Rudy Giuliani Defames Plaintiffs On The Courthouse Steps On The First Day Of Defamation Trial

Judge Howell was not impressed.

rudy giuliani

(Photo by Alex Wong/Getty Images)

Hurricane Rudy strikes again!

Rudy Giuliani’s persistent failure to comply with discovery already got him a default judgment in the defamation case brought by Atlanta poll workers Ruby Freeman and Shaye Moss, whom he falsely accused of ballot fraud. The only issue at this point is how much money the former president’s lawyer is going to fork over in damages. And yet …

The man stepped out of the courthouse in a defamation lawsuit and defamed the plaintiffs some more.

“Everything I said about them is true,” he fulminated. “I told the truth. They were engaged in changing votes.”

He even appeared to promise that he’d testify about the plaintiffs’ supposed crimes on the witness stand — which might provide an explanation for his stated intention to testify when he’s currently facing criminal RICO charges in Georgia.


Here on Planet Earth, the fact that Giuliani’s statements were both false and defamatory is already the law of the case. He cannot testify about them. That is not a thing!

But perhaps Rudy can be forgiven for his confusion, since his lawyer Joseph Sibley IV seems to be under the mistaken impression that he’ll be able to present evidence of Giuliani’s financial condition to the jury.

“If you award them what they are asking for, it will be the end of Mr Giuliani,” Sibley told jurors in his opening statement yesterday.

Rudy refused to hand over his financials in discovery, despite being warned in August when Judge Howell issued the default order that, if he didn’t do it, she was going to grant even more adverse inferences in her jury instructions.

Later in his opening, Sibley suggested that he’d be presenting alternative theories of liability: “What happened to them is because of a controversy that involved a lot of people. It wasn’t just Mr. Giuliani.”


Freeman and Moss’s lawyers don’t appear to have objected during Sibley’s opening statement, but they immediately filed a motion in limine to “preclude further violations of the court’s orders.”

“During defense counsel’s opening statement and witness examination during the first day of trial, it became clear that Defendant Giuliani’s trial strategy revolves around several points that run directly contrary to the Court’s prior orders in this case,” wrote Michael Gottlieb of Wilkie Farr and Gallagher LLP.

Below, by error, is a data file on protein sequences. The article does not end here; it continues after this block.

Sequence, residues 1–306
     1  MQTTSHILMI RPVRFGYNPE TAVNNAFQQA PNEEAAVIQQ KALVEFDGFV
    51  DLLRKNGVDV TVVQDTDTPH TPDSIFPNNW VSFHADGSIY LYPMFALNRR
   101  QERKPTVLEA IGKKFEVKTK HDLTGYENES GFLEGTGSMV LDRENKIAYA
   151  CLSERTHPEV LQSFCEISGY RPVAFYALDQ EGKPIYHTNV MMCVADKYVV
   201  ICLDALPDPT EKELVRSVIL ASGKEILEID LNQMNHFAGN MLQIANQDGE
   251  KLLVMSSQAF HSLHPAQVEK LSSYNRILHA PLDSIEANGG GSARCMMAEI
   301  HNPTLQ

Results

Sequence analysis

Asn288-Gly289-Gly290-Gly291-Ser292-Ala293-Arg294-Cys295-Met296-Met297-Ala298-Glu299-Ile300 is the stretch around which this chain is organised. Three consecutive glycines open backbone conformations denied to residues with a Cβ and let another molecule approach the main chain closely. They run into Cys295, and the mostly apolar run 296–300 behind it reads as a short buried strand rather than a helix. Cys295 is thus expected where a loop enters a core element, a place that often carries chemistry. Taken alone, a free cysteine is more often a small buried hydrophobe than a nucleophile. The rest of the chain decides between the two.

They argue that: (1) Sibley’s plan to argue that the plaintiffs damages are attributable to other bad actors runs contrary to the plain meaning of the default judgment; (2) Giuliani is precluded from “making any argument, or introducing any evidence, stating or suggesting that he is insolvent, bankrupt, judgment proof, or otherwise unable to defend himself, comply with this Court’s orders, or satisfy an eventual judgment” by the court’s own order; and (3) The defendant defamed the shit out of the plaintiffs yesterday (slight paraphrase), and then announced his intention to do it again on the stand.

After two years of Rudy’s nonsense, Judge Howell had already had it up to here before the trial started. Labeling his comments to reporters “quite defamatory,” she questioned Sibley how he intended to keep his client from making barred claims on the witness stand.

Apparently, the “my guy is old” defense didn’t go over big with the court. Nor did a series of evidentiary objections Sibley filed last night, vaguely gesturing in the direction of FRE 402 and 403 without further explanation.

“Your objections have to be intelligible,” the judge scolded.

And that was all before the jurors were even called in.

This morning, Shaye Moss testified about the devastating toll Rudy’s lies took on her whole family. She’ll be back after lunch for cross examination by Sibley.

Judge rebukes Giuliani over ‘defamatory’ comments he made about Georgia election workers during defamation damages trial [CNN]
Freeman v. Herring Networks [Docket, via Court Listener]

Liz Dye lives in Baltimore where she writes the Law and Chaos Substack and appears on the Opening Arguments podcast.